LeCLAIRE – Work is well underway to transform a familiar and long-abandoned building on the downtown riverfront into a trendy retail space for four businesses. Long-time LeClaire residents and investors Rodney and Kimberly Collier have purchased the 127-year-old building at 423 N. Cody Road and are moving quickly to make eye-popping improvements to the site. […]
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LeCLAIRE – Work is well underway to transform a familiar and long-abandoned building on the downtown riverfront into a trendy retail space for four businesses.Long-time LeClaire residents and investors Rodney and Kimberly Collier have purchased the 127-year-old building at 423 N. Cody Road and are moving quickly to make eye-popping improvements to the site. Over the years, the building has housed businesses offering general goods, appliances and hardware, and most recently, antiques.The teal awning of the former River Bend Antiques is gone now, and the building’s red brick has been given several fresh coats of white paint in preparation for a totally new black-and-white look.“Kim and I walked by that building every day during our walk along the river,” Mr. Collier said. “Nothing had been done to the building at all. The building was not for sale, but I called the owner and asked if he would consider selling. I didn’t want to see it empty for another seven to 10 years.”With the sale completed a few weeks ago, the Colliers are working quickly to turn a building with years of neglect into four separate modern retail spaces. Each business will have its own sign and entrance from the sidewalk. Inside, the spaces will be separated by sliding barn doors. The couple also has cleared brush and debris that surrounded the property, revealing a park-like setting with a stunning view of the river.A final name for the retail building is still to be determined, but it will contain “Root 67,” Mr. Collier said. The inspiration for root comes from the stump of a large tree on the south side of the building’s 1950 addition. “You can see all the roots,” Mr. Collier said. The 67 reference, of course, is U.S. Highway 67 – LeClaire’s main artery through downtown.“Kim came up with Root 67,” he said.Three of the four tenants have been identified:
Nest, whose owner, Olivia Soseman, describes it in a mission statement as a modern-day general store, charcuterie and bottle shop.
Buttercupp Candles, owned by KC and Jennifer Cupp, which currently has space at Grasshoppers Gift Shop.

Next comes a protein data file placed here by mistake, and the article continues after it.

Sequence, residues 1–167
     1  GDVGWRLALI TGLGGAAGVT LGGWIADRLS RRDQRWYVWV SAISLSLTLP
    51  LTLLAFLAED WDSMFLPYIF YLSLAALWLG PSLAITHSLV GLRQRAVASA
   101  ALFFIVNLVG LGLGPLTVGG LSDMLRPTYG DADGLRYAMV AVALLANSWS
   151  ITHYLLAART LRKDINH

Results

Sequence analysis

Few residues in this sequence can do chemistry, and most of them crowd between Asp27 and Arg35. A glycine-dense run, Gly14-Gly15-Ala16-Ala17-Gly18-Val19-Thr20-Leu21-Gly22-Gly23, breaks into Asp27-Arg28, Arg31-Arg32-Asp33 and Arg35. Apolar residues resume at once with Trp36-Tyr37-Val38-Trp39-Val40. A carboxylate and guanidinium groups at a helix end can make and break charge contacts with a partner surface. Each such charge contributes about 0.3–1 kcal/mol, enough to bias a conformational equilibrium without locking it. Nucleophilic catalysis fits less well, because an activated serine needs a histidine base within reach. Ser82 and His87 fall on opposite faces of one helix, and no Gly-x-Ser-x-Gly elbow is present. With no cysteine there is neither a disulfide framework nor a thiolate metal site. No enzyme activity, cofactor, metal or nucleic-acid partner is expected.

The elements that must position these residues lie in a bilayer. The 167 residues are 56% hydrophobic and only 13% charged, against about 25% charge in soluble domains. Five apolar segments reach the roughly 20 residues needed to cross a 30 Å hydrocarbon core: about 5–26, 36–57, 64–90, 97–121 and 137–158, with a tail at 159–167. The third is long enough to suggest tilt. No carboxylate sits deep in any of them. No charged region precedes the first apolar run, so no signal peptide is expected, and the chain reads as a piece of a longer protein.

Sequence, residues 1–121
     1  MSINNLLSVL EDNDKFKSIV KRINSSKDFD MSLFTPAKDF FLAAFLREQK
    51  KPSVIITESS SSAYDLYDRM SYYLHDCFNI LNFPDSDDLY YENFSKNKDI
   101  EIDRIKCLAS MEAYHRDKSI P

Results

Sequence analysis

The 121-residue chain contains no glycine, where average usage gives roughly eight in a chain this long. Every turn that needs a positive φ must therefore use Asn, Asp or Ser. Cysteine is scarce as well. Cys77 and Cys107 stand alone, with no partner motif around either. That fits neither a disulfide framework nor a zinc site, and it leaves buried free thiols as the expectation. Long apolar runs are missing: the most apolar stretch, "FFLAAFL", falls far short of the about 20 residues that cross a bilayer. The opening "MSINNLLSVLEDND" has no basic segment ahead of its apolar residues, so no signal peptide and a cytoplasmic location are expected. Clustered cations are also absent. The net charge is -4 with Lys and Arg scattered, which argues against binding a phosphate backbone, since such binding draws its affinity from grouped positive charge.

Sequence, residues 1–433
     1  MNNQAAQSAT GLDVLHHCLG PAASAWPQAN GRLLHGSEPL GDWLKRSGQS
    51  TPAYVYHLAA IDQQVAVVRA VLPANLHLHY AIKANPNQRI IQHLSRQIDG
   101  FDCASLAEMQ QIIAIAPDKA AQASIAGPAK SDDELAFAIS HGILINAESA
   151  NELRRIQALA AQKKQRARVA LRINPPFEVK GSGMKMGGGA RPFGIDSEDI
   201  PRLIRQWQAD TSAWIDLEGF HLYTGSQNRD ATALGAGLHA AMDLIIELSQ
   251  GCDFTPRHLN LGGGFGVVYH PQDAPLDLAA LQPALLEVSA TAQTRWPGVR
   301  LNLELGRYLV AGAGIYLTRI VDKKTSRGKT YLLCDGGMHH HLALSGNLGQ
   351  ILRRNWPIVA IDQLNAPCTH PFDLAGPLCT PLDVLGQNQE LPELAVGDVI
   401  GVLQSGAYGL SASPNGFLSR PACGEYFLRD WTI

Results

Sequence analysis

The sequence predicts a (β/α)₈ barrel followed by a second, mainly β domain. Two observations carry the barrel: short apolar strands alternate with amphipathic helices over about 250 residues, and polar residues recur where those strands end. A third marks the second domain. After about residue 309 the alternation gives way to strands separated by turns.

Mr. Collier said they are working toward an Oct. 1 opening for the retail spot, in time for the popular fall tourism season and holiday shopping. “It’s all falling into place,” he said.Natasha Wahlig, owner of Cody Rose Flower Co., said she has loved LeClaire “ever since I drove through it as a kid.” Now a resident herself, she is excited for the future of the community and what it will mean for her business, which she describes as “not your typical flower shop.”Cody Rose will offer floral services for all events, but will also offer “experiences” like renting a bouquet bar for visitors to choose their own blooms and vases, and birthday parties, where kids can pick out flowers, paint a vase, and enjoy cupcakes.Ms. Wahlig said she looks forward to Phase II of the city’s streetscape program, which will extend pedestrian-friendly amenities to the north end of downtown. The project includes sidewalks, crosswalks and resurfacing of Highway 67. Phase I is underway on the current downtown streetscape, and construction on Phase II is planned for 2024, according to LeClaire Mayor Dennis Gerard.The Colliers have applied to the city for a tax increment financing (TIF) designation for their new retail project. Mr. Collier said renovation of the building will bring value to the downtown in terms of both tourism and tax revenue to the city.Mr. Gerard said the city “is currently reviewing incentive opportunities with the Colliers, including TIF and other options.”Asked what the building’s redevelopment means after years of sitting unused, Mr. Gerard said, “We’re very excited to see something finally happening with this building.” He added in an email that the Colliers have a long history of investing in LeClaire (with Grasshoppers and other endeavors), so they have a great track record.”That track record began in 1997 when the young couple, who met as students at the University of Dubuque, drove through downtown LeClaire on their way to visit Mrs. Collier’s father in Fulton, Illinois, and spotted an empty storefront for rent. She had long wanted to open up her own garden/gift shop.“We looked in the window, looked around LeClaire, and said ‘This is it’,” Mr. Collier said.They named the small shop Grasshoppers (Mr. Collier’s idea). The first couple of years were slow, they both acknowledge. Mr. Collier worked in medical device/equipment sales (which he still does) and Mrs. Collier worked full-time at the shop. The business tapped into her love for finding treasures at flea markets, and painting and repurposing them for sale.“I would paint bumble bees and flowers on things. People would bring me pieces; I would paint chairs,” she said.The couple’s first son, Parker, born in 1998, came to work with her. All the while, she looked across the street at the historic McCaffrey home at 208 N. Cody Road and thought it would make a great location for an expanded shop. In late 2001, they bought that building and opened a much larger Grasshoppers Gift Shop there a few months later. They welcomed two more sons, Cade in 2000 and Logan in 2002. Mr. Collier served a term on the LeClaire City Council in the early 2000s.While the Colliers sold the Grasshoppers business several years ago to Monica Schons, they still own the building and live there. They’ve added 430 N. Cody Road, the historic Rambo home, to their list of properties. After renovations at that site, it houses THE Market: A Journey to Joy, which opened in March, offering goods from about 40 vendors.Mrs. Collier’s passion for decorating is carried out in the two well-appointed guest homes they own and operate – Grasshoppers Guest House Too at 220 N. Cody Road, and Grasshoppers Guest House III at 228 N. 2nd St.She calls Guest House Too “the comfy cozy cottage” and Guest House III “the hilltop haven.” Quilts, candles, florals and a soothing color palette throughout give guests the feeling that they’re walking into a home.Under construction between Guest House Too and Grasshoppers Gift Shop is the Colliers’ new home, right in the middle of downtown. It’s just where they want to be.“It’s really like a feeling here,” she said of living and working in LeClaire. “My mom was a lunch lady at Bridgeview, where the boys went to elementary school. You know the teachers; you know the police officers. People know you, they know your kids, especially having had the store for so many years.”“This is a community, but this is family,” she said. “It’s rewarding. I feel that.”